Appreciation of Tea

From The Modern Art of Tea
by Cai Rongzhang
Translated and abridged by Luo Zhaohua

After smelling the fragrance, appreciating the appearance of the dry leaf and seeing the beauty of its form after infusion, you should allow yourself to experience the inner beauty of the tea leafthe color and flavor of the infusion.

Oxidation and color

Each kind of tea will produce a different color liquor; you can judge how artfully the tea has been infused by differences in color of the same tea [brewed by different people or at different times]. Lightly oxidized tea will tend to be greener, while the liquor of more heavily oxidized tea will tend to be redder. Green tea has not been oxidized, while red tea [black tea] has been completely oxidized, thus their infusions will be greenish and red, respectively.

In between green and red tea is "semi-oxidized tea." In order of degree of oxidation, there is Lu Cha [Green Tea], scented tea, Dong Ding [Tung Ting], Tie Guan Yin, and Wu Long [Oolong]. If you were to infuse them and line them up on a table, the difference in color from one tea to the next would be difficult for most people to detect.

In addition, the way the tea is fired will have an influence on the liquor's "brightness" [or "clarity"]. Lightly fired tea will be comparatively brighter or more clear, while more heavily fired tea will produce a liquor that is deeper, and that turns darker. For this reason, raw tea will produce a lighter, brighter infusion than will processed tea.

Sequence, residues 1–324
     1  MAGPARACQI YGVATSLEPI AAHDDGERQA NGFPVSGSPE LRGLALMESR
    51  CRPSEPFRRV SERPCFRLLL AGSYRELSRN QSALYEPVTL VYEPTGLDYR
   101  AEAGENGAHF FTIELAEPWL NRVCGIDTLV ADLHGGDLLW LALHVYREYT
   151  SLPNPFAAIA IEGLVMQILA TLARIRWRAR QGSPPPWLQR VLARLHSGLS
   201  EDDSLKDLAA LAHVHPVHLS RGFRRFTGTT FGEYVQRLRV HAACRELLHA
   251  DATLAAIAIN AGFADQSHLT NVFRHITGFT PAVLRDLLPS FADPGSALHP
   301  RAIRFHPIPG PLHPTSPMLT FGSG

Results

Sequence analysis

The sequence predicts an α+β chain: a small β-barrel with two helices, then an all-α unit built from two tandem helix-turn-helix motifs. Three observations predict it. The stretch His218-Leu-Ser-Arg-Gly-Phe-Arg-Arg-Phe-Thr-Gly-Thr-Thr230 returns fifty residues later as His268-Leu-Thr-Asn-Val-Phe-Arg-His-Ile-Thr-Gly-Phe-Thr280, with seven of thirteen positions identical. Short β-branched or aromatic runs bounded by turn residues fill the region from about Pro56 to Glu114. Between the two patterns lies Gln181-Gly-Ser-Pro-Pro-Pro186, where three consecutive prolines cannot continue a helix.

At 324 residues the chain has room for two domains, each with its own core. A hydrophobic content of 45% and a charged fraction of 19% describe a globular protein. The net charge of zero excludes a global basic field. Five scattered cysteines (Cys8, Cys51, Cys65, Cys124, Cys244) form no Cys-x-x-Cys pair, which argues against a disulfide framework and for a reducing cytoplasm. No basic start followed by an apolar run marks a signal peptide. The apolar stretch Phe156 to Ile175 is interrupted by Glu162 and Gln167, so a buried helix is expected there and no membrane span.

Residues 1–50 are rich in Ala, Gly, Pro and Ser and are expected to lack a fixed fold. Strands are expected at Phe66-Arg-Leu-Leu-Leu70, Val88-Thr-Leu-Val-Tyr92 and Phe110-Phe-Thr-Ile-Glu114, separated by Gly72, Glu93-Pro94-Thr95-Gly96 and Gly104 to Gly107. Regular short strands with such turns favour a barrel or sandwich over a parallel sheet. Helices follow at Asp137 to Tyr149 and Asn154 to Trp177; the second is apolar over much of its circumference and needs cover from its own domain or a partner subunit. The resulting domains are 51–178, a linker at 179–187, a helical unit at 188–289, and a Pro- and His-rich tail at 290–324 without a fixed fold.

We should not consider tea that is a dark brown color to be too thick; this kind of tea is warming and may be enjoyed by people who have an aversion to cold-natured foods. Although good tea should have a color fitting to its type, it should always be beautiful and transparent. When comparing the color of tea liquors, pay attention to the sizes of the cups and the water levels in each cup.

Fragrance and flavor harmonize in the throat

Appreciating the beautiful color of tea is intimately connected to experiencing its wonderful flavor. First take a sip and hold it in your cheeks; you will learn the tea’s aroma by experience. Then move the tea further back into the oral cavity and move it around a little; you will learn by experience the characteristics of its taste, including the sweetness, bitterness or astringency, fullness, lightness, liveliness, and stimulatory characteristics, as well as how all of these combine to produce the overall effect.

As soon as the tea has been swallowed, the sensation in the throat may be one of bitterness followed by sweetness.

Some teas tend to feel rather heavier in the mouth, like Qing Cha ["Pure Tea", green tea]; others tend to feel heavier in the throat, like Tie Guan Yin.

Fragrance, flavor and overall harmonization are the three aspects of tea that can be sensed in the mouth and throat. Generally speaking, the astringent taste will not be too strong; good tea should be sweet, full-bodied, lively, and have the special characteristics of its type.